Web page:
This may help explain why companies such as Veritas are moving their products down into the network (Veritas' Volume Manager is currently being beta tested with Brocade) and companies like EMC are moving the intelligence of their arrays up into the network, as evidenced by EMC's recent announcement to do so with Cisco. It also helps explain why companies such as Fujitsu Softek and IBM offer products that enable a central point of storage provisioning, regardless of the tier or intelligence of the storage array behind it.

Veritas' Coughlin states that Veritas' Volume Manager (VM) product is now being designed to run in the SAN fabric. He believes that this initiative will enable customers to go where they want while centralizing online storage management.

While some of the larger vendors still see this network-based technology as being in its infancy, others, such as DataCore and FalconStor, have been shipping this technology for at least a couple of years. FalconStor's director of product management, Jon Greene, sees the fact that the big boys of storage--such as EMC, IBM and Veritas--are jumping into this market as a validation of this space.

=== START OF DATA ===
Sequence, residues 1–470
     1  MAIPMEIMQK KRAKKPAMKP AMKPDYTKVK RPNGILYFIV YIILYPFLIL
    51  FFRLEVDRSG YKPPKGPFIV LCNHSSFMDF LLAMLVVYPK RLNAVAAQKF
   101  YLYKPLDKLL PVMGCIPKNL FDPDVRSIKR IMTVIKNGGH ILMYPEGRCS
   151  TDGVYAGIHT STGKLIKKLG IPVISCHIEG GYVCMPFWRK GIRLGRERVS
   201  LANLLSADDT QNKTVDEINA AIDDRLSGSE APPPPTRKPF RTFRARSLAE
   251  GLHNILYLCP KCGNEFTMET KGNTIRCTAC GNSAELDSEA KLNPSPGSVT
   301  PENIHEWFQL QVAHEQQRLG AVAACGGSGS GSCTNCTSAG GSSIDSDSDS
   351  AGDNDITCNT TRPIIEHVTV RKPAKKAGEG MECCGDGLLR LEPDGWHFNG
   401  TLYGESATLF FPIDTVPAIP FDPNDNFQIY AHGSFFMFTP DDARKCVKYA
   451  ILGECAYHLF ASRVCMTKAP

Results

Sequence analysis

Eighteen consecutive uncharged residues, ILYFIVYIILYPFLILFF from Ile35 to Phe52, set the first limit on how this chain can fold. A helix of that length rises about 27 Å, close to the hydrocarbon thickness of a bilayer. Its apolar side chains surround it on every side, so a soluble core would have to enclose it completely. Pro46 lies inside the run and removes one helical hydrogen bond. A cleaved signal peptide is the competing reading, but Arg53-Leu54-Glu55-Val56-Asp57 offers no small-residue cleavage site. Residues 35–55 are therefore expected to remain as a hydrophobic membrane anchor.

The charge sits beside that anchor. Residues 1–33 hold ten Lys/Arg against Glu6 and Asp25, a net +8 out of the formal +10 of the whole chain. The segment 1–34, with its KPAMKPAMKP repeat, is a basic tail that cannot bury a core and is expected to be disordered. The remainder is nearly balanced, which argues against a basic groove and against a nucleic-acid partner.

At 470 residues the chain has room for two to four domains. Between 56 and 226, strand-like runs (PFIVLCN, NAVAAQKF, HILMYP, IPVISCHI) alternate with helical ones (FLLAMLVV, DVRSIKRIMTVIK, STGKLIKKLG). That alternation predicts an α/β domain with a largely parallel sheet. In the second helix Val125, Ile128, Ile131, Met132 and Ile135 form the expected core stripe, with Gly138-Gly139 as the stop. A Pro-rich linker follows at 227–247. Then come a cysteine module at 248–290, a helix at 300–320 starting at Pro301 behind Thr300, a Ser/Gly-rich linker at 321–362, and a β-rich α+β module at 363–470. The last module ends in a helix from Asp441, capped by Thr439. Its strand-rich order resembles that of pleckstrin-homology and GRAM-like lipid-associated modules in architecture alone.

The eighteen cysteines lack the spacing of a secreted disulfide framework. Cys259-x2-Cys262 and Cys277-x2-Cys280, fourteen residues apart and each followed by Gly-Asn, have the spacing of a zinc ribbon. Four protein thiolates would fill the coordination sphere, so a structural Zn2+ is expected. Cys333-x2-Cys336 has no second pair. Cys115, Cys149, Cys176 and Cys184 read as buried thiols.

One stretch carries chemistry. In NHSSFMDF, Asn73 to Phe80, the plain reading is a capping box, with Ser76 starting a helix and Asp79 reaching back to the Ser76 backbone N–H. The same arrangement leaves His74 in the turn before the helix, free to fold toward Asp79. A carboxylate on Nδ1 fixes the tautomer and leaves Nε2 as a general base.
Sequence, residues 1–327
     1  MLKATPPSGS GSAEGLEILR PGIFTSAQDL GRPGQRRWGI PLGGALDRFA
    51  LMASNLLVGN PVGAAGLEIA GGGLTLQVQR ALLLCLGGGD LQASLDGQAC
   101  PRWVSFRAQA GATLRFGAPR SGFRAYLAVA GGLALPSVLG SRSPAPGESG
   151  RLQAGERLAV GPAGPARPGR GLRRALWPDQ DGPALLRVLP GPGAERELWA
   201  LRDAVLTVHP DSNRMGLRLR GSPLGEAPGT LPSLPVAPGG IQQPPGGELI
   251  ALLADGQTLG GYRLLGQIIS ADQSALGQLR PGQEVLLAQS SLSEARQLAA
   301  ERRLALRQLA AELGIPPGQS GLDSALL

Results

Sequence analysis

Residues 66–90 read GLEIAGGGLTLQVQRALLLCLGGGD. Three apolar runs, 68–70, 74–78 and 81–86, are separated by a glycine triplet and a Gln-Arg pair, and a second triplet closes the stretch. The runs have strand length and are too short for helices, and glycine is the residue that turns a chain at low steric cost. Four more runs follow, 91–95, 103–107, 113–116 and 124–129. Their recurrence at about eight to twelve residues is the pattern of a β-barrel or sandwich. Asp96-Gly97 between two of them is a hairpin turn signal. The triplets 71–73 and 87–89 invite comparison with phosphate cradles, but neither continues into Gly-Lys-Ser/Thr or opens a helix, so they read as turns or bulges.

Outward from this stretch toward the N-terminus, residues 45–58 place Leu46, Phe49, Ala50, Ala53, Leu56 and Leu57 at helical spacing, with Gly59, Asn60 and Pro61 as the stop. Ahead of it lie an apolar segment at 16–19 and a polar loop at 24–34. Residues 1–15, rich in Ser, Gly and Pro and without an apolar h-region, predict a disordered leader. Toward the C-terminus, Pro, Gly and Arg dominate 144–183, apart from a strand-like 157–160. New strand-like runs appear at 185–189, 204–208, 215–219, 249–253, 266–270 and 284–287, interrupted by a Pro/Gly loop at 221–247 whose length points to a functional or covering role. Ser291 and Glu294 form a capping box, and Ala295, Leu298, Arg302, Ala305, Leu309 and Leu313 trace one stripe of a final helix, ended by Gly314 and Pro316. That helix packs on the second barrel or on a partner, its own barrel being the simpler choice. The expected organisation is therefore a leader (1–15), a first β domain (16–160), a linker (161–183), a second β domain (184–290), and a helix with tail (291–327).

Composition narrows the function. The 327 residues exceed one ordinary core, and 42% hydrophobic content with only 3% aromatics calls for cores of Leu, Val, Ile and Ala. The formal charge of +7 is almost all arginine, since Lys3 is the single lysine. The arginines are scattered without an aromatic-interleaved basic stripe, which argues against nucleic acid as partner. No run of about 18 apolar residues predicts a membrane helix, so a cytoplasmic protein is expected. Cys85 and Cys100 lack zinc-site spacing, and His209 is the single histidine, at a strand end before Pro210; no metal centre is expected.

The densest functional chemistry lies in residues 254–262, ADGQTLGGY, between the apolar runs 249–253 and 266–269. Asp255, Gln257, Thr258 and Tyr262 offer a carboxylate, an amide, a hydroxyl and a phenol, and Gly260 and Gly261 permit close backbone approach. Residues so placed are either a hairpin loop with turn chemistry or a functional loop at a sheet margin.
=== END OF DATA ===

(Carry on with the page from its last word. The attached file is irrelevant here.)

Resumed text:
Testing it out
Regardless of which provisioning approach an organization decides to pursue, an important step to take before choosing any solution is to determine how to test it in your environment. But before doing so, some preliminary work needs to be done.